Karaliopoulos, M., Telelis, O., Koutsopoulos, I.: User recruitment for mobile crowdsensing over opportunistic networks. In: 2015 IEEE Conference on Computer Communications (INFOCOM), pp. 2254–2262. IEEE (2015)Google Scholar
  12. 12.
    Li, H., Li, T., Wang, Y.: Dynamic participant recruitment of mobile crowd sensing for heterogeneous sensing tasks. In: 2015 IEEE 12th International Conference on Mobile Ad Hoc and Sensor Systems, pp. 136–144. IEEE (2015)Google Scholar
  13. 13.
    Liu, C.H., Zhang, B., Su, X., Ma, J., Wang, W., Leung, K.K.: Energy-aware participant selection for smartphone-enabled mobile crowd sensing. IEEE Syst. J. 11(3), 1435–1446 (2017)CrossRefGoogle Scholar
  14. 14.
    Lowe, D.G.: Distinctive image features from scale-invariant keypoints. Int. J. Comput. Vis. 60(2), 91–110 (2004)CrossRefGoogle Scholar
  15. 15.
    Patil, K.R., Zhu, J., Kopeć, Ł., Love, B.C.: Optimal teaching for limited-capacity human learners. In: Advances in Neural Information Processing Systems, pp. 2465–2473 (2014)Google Scholar
  16. 16.
    Shah, N., Zhou, D., Peres, Y.: Approval voting and incentives in crowdsourcing. In: International Conference on Machine Learning, pp. 10–19 (2015)Google Scholar
  17. 17.
    Singla, A., Bogunovic, I., Bartók, G., Karbasi, A., Krause, A.: On actively teaching the crowd to classify. In: NIPS Workshop on Data Driven Education (2013)Google Scholar
  18. 18.
    Singla, A., Bogunovic, I., Bartók, G., Karbasi, A., Krause, A.: Near-optimally teaching the crowd to classify. In: ICML, no. 2 in 1, p. 3 (2014)Google Scholar
  19. 19.
    Wah, C., Branson, S., Welinder, P., Perona, P., Belongie, S.: The Caltech-UCSD birds-200-2011 dataset. California Institute of Technology (2011)Google Scholar
  20. 20.
    Wang, E., Yang, Y., Wu, J., Liu, W., Wang, X.: An efficient prediction-based user recruitment for mobile crowdsensing. IEEE Trans. Mob. Comput. 17(1), 16–28 (2018)CrossRefGoogle Scholar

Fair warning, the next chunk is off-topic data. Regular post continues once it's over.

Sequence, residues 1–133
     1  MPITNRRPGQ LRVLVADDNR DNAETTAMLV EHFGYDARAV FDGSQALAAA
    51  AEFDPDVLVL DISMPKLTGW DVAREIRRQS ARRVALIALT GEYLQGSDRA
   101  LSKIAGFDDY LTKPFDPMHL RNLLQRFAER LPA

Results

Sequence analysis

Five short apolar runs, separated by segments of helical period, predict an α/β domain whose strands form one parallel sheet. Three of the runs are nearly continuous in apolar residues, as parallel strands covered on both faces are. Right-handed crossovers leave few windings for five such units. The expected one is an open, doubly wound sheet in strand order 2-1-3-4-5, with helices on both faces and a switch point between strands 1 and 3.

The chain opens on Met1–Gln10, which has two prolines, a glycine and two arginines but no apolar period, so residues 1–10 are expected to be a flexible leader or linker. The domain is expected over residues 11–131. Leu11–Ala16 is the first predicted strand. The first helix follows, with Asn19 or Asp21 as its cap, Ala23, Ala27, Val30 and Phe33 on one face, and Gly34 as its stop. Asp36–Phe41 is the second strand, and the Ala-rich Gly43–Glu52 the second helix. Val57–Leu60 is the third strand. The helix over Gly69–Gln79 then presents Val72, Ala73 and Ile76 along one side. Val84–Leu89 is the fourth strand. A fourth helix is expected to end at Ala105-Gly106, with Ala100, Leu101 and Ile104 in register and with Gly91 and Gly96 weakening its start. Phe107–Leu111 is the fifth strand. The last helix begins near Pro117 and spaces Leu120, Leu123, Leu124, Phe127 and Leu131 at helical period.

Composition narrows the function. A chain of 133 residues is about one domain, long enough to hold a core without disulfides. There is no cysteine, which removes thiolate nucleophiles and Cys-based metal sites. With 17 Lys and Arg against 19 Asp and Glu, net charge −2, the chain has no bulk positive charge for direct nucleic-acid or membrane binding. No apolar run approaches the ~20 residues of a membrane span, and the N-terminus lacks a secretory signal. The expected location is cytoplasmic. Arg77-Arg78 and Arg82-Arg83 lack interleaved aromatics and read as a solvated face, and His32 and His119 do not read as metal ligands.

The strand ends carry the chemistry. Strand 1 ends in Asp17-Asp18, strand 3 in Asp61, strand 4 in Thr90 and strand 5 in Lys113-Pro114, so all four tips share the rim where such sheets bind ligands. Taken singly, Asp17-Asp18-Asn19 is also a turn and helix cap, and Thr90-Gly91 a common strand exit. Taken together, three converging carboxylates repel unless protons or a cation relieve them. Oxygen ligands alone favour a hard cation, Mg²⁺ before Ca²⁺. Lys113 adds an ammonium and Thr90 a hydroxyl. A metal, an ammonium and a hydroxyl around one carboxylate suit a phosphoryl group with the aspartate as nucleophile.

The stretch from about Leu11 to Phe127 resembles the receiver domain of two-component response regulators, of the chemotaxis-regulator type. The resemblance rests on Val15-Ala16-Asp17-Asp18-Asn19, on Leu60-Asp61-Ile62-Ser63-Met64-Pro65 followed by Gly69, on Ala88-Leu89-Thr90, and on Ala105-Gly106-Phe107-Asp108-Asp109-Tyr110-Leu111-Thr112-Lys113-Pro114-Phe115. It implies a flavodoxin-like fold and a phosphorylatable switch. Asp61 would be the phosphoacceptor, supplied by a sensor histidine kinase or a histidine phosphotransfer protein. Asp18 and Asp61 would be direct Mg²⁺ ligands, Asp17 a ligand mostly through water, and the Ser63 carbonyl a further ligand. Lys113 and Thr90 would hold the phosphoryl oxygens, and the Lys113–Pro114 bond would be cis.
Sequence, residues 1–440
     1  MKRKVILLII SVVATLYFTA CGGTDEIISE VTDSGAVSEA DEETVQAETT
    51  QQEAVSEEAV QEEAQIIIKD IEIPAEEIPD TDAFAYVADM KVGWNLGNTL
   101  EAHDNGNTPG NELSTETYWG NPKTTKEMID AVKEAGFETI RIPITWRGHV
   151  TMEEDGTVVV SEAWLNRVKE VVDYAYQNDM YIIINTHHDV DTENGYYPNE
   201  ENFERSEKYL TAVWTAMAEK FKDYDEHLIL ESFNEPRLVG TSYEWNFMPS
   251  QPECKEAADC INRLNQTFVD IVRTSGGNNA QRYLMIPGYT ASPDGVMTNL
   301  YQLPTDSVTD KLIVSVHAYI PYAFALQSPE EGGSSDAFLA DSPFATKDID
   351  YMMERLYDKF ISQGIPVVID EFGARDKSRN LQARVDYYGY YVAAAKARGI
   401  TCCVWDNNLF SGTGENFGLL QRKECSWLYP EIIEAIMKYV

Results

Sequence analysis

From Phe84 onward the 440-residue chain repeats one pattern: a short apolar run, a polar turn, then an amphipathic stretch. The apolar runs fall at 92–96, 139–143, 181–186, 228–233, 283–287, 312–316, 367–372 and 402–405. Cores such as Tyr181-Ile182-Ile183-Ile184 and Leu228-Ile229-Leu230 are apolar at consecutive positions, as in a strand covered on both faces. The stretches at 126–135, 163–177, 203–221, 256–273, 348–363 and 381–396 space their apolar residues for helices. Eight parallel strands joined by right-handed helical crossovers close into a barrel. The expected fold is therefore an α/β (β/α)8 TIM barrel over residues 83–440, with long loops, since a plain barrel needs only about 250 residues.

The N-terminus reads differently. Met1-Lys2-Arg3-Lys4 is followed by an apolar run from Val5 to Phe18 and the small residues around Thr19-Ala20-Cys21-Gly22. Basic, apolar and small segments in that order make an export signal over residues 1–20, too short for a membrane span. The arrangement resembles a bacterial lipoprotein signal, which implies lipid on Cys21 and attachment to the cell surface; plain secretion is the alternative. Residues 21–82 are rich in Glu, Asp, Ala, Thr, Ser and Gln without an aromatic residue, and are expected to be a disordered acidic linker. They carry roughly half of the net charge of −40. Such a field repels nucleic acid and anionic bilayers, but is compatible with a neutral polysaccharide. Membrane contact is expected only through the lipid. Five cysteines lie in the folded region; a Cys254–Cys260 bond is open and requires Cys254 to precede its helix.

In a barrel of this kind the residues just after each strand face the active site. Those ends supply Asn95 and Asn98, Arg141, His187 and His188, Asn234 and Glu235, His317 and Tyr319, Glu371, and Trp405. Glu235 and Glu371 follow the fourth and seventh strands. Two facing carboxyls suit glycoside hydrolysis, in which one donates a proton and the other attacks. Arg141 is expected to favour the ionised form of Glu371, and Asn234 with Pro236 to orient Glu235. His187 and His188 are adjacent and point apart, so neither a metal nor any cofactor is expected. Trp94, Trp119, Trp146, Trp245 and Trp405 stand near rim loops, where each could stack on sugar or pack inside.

21. 21.
    Xu, Q., Zheng, R.: When data acquisition meets data analytics: a distributed active learning framework for optimal budgeted mobile crowdsensing. In: IEEE INFOCOM 2017-IEEE Conference on Computer Communications, pp. 1–9. IEEE (2017)Google Scholar
  22. 22.
    Yang, S., Han, K., Zheng, Z., Tang, S., Wu, F.: Towards personalized task matching in mobile crowdsensing via fine-grained user profiling. In: IEEE INFOCOM 2018-IEEE Conference on Computer Communications, pp. 2411–2419. IEEE (2018)Google Scholar
  23. 23.
    Yin, X., Goudriaan, J., Lantinga, E.A., Vos, J., Spiertz, H.J.: A flexible sigmoid function of determinate growth. Ann. Bot. 91(3), 361–371 (2003)CrossRefGoogle Scholar
  24. 24.
    Zhang, X.Y., Wang, S., Yun, X.: Bidirectional active learning: a two-way exploration into unlabeled and labeled data set. IEEE Trans. Neural Netw. Learn. Syst. 26(12), 3034–3044 (2015)MathSciNetCrossRefGoogle Scholar
  25. 25.
    Zhao, L., Sukthankar, G., Sukthankar, R.: Incremental relabeling for active learning with noisy crowdsourced annotations. In: 2011 IEEE Third International Conference on Privacy, Security, Risk and Trust and 2011 IEEE Third International Conference on Social Computing, pp. 728–733. IEEE (2011)Google Scholar
  26. 26.
    Zhu, J.: Machine teaching for Bayesian learners in the exponential family. In: Advances in Neural Information Processing Systems, pp. 1905–1913 (2013)Google Scholar
  27. 27.
    Zhu, X., Ghahramani, Z., Lafferty, J.D.: Semi-supervised learning using gaussian fields and harmonic functions. In: Proceedings of the 20th International conference on Machine learning (ICML 2003), pp. 912–919 (2003)Google Scholar

Copyright information

© ICST Institute for Computer Sciences, Social Informatics and Telecommunications Engineering 2020

Authors and Affiliations

  1. 1.Department of Computer ScienceUniversity of VictoriaVictoriaCanada
  2. 2.Department of Computer ScienceNational University of Defense TechnologyChangshaChina
  3. 3.Department of Computing and SoftwareMcMaster UniversityHamiltonCanada

Personalised recommendations